News Releases > Allen County near top third of the state in health rankings report
FORT WAYNE, Ind. (Feb. 17, 2010). – Allen County ranked 33 out of 92 counties in the state for health, according to a new report released today by the University of Wisconsin Population Health Institute and the Robert Wood Johnson Foundation.
The County Health Rankings are the first to rank the overall health of the counties in all 50 states – more than 3,000 total – by using a standard formula to measure how healthy people are and how long they live.
“One of the first steps we must take as a community is to come together to talk about what this report means for us,” said Allen County Health Commissioner Dr. Deborah McMahan. “This is just a broad snapshot of our community health.
“If you look at all the measures in the report, it becomes very obvious there are many different players in the overall public health in Allen County. The health of our residents is not simply a function of the public and private healthcare system, but rather reflects the lifestyle of the individual, the social, educational and economic environment of the community, and the policies and vision of the public officials who lead.”
Allen County ranked 33 in health outcomes and 39 in health factors, according to the report.
Researchers used five measures to assess the level of overall health or “health outcomes” for Indiana by county: the rate of people dying before age 75, the percent of people who report being in fair or poor health, the number of days people report being in poor physical and poor mental health, and the rate of low birthweight infants.
The report then looks at factors that affect people’s health within four categories: health behavior, clinical care, social and economic factors, and physical environment. Among the many health factors, they looked at adult smoking, access to care, unemployment rate, adult obesity, teen birth rate, access to healthy foods, and motor vehicle death rate.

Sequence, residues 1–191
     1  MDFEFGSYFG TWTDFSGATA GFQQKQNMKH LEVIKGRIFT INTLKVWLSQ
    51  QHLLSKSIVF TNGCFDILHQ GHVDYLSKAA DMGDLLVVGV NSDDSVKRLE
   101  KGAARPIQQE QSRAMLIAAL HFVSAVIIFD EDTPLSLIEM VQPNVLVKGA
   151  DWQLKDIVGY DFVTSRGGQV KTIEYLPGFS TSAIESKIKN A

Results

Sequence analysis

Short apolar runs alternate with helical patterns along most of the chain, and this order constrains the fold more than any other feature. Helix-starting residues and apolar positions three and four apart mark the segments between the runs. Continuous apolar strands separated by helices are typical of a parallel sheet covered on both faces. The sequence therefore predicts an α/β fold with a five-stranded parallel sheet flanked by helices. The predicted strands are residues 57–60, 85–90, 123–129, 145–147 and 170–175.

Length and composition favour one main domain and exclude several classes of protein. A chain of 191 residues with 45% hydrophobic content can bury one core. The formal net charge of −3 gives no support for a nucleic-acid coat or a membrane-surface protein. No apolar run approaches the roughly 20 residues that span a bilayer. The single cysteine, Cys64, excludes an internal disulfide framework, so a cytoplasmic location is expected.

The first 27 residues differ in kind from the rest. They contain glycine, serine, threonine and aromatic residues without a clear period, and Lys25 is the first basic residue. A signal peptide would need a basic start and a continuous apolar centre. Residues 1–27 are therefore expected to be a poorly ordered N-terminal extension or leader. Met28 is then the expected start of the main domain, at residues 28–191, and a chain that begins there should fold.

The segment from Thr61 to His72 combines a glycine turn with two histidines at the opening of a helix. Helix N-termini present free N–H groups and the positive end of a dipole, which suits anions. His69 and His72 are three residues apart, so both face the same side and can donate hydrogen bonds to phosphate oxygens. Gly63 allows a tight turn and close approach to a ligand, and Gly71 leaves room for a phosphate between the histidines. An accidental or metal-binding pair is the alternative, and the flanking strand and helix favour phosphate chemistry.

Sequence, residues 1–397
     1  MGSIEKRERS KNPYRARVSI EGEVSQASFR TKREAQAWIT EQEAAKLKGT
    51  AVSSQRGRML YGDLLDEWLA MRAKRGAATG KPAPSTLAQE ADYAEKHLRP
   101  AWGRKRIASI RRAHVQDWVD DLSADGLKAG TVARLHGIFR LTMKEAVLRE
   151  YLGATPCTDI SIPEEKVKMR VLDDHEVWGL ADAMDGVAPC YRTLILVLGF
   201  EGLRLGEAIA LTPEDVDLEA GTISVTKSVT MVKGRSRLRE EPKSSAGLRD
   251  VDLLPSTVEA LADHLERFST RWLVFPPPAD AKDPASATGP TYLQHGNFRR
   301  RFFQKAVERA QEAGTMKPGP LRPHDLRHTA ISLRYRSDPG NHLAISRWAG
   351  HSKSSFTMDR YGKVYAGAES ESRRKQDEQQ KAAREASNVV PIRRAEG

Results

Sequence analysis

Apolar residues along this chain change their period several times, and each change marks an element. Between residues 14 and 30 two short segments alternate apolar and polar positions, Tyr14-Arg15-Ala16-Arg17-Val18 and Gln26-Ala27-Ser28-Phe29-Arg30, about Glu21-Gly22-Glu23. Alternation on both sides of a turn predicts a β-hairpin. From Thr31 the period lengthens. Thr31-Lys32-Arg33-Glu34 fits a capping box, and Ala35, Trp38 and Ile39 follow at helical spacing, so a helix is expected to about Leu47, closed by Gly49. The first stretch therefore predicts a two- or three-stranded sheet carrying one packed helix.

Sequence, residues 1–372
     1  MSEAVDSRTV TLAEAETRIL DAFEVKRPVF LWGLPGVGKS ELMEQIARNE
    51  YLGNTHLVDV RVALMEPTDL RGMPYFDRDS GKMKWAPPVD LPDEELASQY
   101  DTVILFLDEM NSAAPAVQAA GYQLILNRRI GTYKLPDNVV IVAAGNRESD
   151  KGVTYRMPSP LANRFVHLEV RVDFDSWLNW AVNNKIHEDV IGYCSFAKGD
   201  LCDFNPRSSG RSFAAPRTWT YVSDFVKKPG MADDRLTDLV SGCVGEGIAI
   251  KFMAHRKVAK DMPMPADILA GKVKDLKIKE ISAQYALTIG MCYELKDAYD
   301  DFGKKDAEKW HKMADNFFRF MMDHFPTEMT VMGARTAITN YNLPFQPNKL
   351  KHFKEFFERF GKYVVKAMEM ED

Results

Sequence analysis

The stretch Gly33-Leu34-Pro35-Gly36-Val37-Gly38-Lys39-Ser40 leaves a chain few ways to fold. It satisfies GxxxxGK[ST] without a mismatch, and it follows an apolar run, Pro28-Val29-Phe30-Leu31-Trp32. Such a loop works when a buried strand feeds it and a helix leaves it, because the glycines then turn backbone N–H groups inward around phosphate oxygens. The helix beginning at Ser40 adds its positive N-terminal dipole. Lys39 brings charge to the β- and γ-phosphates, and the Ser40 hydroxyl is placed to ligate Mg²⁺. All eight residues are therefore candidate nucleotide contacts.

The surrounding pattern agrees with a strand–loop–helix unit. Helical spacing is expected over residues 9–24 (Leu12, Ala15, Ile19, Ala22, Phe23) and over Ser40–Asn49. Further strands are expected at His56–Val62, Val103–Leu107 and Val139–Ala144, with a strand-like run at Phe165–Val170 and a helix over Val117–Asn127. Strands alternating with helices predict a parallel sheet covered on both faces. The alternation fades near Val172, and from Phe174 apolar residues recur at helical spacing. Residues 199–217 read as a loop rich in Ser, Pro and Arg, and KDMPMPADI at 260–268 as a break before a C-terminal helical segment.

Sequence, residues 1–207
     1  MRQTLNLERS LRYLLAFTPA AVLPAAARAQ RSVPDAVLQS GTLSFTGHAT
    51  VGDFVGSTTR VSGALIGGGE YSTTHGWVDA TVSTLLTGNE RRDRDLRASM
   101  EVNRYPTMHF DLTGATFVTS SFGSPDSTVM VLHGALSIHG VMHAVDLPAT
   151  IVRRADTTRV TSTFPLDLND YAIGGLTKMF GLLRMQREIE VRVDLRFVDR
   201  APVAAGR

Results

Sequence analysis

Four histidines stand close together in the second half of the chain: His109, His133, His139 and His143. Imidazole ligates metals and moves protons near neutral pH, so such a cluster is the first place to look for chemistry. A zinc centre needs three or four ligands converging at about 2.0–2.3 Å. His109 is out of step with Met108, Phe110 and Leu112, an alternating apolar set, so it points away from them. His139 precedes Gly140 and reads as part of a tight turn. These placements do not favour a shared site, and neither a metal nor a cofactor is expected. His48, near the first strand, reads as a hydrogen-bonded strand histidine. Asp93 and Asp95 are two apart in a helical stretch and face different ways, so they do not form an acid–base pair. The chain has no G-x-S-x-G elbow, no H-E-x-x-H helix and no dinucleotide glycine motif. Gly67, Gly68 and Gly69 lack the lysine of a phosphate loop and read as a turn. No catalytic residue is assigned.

McMahan says there is much to be celebrated and to be concerned about with the report.
“I see this report as a call to action, to make targeted changes to the physical, social, or economic environments at the root of our health problems,” McMahan says. “As a result, we will create a health and wellness infrastructure that will ensure that our children will grow to be healthy, strong and productive.
One significant bright spot of the report was that Allen County was ranked 10th in clinical care, which is a reflection of the high number of health care providers in the community and the quality of care they provide.
“Given the diversity of our population and the complexity of the health challenges they face, that is a true credit to our health care system in Allen County.”
The online report can be found at www.countyhealthrankings.org. The report includes a color-coded map comparing each county’s overall health ranking and a list of all the county rankings.
2010 Indiana County Rankings
Health Outcomes Allen County Ranking
Health Factors Allen County Ranking
Health Behaviors 53
Smoking (adult smoking)
Diet and exercise (adult obesity)
Alcohol Use (binge drinking, motor vehicle death rate)
Risky Sex Behavior (teen births, Chlamydia rate)
Clinical Care 10
Access to care (uninsured adults, primary care providers)
Quality of care (preventable hospital stays, diabetic screenings, hospice use)
Social and Economic Factors 52
Education (high school graduation rate, college graduates)
Employment (unemployment rates)
Income (children in poverty, income inequality)
Family and social support (social/emotional support, single parent households)
Community safety (violent crime)
Physical environment 88
Air quality (unhealthy air due to ozone, particulate matter)
Built environment (access to healthy foods, Liquor stores)